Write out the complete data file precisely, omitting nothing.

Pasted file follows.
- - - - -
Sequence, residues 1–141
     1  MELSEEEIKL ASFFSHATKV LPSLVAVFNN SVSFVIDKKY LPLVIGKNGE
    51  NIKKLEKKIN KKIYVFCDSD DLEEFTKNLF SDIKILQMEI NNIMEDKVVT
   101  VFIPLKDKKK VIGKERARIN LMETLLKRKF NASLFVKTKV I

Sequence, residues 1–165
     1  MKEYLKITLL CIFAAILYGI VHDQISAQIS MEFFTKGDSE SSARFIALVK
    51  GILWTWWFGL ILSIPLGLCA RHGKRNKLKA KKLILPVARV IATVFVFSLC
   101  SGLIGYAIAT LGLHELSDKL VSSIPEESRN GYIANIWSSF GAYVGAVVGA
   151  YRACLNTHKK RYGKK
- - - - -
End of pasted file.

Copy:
Sequence, residues 1–141
     1  MELSEEEIKL ASFFSHATKV LPSLVAVFNN SVSFVIDKKY LPLVIGKNGE
    51  NIKKLEKKIN KKIYVFCDSD DLEEFTKNLF SDIKILQMEI NNIMEDKVVT
   101  VFIPLKDKKK VIGKERARIN LMETLLKRKF NASLFVKTKV I

Sequence, residues 1–165
     1  MKEYLKITLL CIFAAILYGI VHDQISAQIS MEFFTKGDSE SSARFIALVK
    51  GILWTWWFGL ILSIPLGLCA RHGKRNKLKA KKLILPVARV IATVFVFSLC
   101  SGLIGYAIAT LGLHELSDKL VSSIPEESRN GYIANIWSSF GAYVGAVVGA
   151  YRACLNTHKK RYGKK